"My great grandfather came over the ocean with William PENN. He was one of the chain carriers when the State of Pennsylvania was surveyed and for his services was given two tracts of land of five hundred acres each, on one of which the city of Philadelphia now stands. The old gentleman died soon afterwards, leaving one son by the name of William KESTER-- my grandfather, who, being quite young when his father died, knew nothing of this land until he was quite an old man; and so this great fortune was lost to the KESTER heirs, the limitation laws cutting them out."

'The above statement is doubtless substantially true, but is incorrect in some respects. Instead of William Ferguson KESTER'S great grandfather, it was his great great grandfather who came over the ocean. And he did not come with William PENN, but did come with his father and mother and two brothers, probably on PENN'S invitation and solicitation as many others did about that time who emigrated from Germany to America. That these are the facts is shown by the dates of emigration and births and deaths of William KESTER'S ancestors. Paul KUSTER (William's great grandfather) and wife Gertrude and three sons, Arnold, Johannes and Hermanus KUSTER, emigrated to America about 1685, and Paul KUSTER died in 1707, and Johannes (William's grandfather died in 1708, about twenty-five years before William KESTER was born.

'That William KESTER was "quite young" when his father died is doubtless correct. It is not only a family tradition that after his father's death William was "taken away by some kind-hearted Quakers" presumably to live with them, but it is also known that his younger brother John and sister Rebecca were apparently living during their childhood with their uncle Hermanus KESTER and family in the vicinity of Kingwood, New Jersey, and records show that William came to Kingwood in 1756 and was received into the Monthly Meeting of Friends when he was about twenty-three years of age, and it is probable that then for the first time he learned from his uncle Hermanus and family about the landed estate which belonged to his grandfather. That he should know nothing about it before that time was quite natural, because not only did his father die when William was "quite young" but his grandfather also died when William's father Paul was quite young-- in fact when he was probably but about two years of age.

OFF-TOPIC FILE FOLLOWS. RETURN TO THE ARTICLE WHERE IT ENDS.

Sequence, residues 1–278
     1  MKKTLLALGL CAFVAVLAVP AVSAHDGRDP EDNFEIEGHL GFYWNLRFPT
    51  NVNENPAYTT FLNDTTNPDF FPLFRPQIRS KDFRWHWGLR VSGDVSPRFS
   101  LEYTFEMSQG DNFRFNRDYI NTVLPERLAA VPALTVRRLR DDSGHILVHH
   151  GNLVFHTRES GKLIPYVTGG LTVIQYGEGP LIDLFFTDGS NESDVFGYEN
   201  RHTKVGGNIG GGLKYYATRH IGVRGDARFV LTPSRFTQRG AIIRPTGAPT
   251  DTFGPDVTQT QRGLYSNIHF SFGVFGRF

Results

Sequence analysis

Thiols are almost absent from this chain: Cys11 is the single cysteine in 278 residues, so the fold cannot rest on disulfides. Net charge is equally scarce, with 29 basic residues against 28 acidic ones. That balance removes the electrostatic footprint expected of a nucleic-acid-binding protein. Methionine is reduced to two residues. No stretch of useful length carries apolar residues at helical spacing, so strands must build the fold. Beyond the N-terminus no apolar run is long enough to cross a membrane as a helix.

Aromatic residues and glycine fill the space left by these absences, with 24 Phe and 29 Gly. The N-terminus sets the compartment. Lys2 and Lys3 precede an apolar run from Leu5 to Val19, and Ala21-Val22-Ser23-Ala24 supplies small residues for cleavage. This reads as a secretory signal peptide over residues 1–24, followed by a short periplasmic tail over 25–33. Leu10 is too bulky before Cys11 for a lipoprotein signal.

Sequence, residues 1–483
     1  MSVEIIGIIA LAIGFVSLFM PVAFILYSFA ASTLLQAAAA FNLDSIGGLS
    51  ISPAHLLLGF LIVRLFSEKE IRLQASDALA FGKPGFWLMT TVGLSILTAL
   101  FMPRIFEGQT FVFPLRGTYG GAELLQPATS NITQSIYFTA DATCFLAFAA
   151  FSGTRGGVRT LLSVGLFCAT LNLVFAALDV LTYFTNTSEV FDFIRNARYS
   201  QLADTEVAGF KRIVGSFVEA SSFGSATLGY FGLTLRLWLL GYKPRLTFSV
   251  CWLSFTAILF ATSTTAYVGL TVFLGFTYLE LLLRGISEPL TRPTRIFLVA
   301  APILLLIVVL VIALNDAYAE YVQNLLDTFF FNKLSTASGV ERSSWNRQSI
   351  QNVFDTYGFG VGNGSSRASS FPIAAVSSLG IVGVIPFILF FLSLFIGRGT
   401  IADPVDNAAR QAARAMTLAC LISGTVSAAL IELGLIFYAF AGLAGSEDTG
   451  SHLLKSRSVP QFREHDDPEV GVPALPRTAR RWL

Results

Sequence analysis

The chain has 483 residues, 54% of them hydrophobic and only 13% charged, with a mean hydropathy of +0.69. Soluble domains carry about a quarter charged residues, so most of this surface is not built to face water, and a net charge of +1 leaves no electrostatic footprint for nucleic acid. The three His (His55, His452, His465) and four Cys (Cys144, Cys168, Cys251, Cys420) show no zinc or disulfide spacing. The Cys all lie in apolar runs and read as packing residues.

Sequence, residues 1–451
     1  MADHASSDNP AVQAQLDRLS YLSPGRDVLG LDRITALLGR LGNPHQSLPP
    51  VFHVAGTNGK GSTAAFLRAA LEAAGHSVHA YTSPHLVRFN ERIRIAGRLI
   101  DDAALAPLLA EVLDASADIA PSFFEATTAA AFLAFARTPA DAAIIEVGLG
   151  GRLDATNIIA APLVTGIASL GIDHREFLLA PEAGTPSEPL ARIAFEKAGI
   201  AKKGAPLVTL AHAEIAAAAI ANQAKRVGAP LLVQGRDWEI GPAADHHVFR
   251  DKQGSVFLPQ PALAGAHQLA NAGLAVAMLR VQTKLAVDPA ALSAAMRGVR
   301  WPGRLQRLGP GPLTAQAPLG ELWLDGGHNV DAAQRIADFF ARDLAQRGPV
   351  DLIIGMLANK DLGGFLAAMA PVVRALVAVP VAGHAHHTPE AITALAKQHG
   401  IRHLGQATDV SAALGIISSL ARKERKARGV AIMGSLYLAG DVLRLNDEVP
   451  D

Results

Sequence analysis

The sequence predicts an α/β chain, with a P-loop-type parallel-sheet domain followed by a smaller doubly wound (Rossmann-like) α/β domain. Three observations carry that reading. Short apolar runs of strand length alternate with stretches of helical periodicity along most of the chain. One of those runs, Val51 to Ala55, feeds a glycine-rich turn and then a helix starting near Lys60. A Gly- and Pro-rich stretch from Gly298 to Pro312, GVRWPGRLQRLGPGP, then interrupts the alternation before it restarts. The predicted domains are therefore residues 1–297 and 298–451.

'The ancestor who is said to have done the surveying and received land as pay for his services was unquestionably William KESTER'S grandfather Johannes KOSTER or KUSTER. This is not only shown by records but is substantiated by family tradition in several families. The author has often heard his mother, Nancy Ann (REED) HUNT, say that she learned her mother Rebecca POUND, and grandmother, Sarah KESTER, that the land was in the name of Johannes and that the name of KESTER was spelled on the records in several different ways and many others of her cousins and kinsmen have written that the land was in the name of John or Johannes and that the name of the "First KESTER" was Johannes KOSTER, etc., and Chalkey J. HAMBLETON, of Chicago, Illinois, now deceased, a descendant of Hermanus KESTER, uncle of William KESTER above named, said he often heard his grandmother, Rachael (KESTER) HAMBLETON, tell about an estate in land in or near Philadelphia to which all the KESTERS were entitled, but never secured for some reason or other. And to these statements is added the "handed down" family history among the descendants of William KESTER'S brother, John KESTER. A great granddaughter of this John KESTER, Mrs. Cynthia Dora (KESTER) WEBSTER, of West Philadelphia, Pennsylvania, writes that "the sketch written by William Ferguson KESTER agrees very much with what father and uncle Elijah KESTER (my father's brother) told us about a large tract of land which was given to our early ancestor in payment for his services to William PENN for surveying.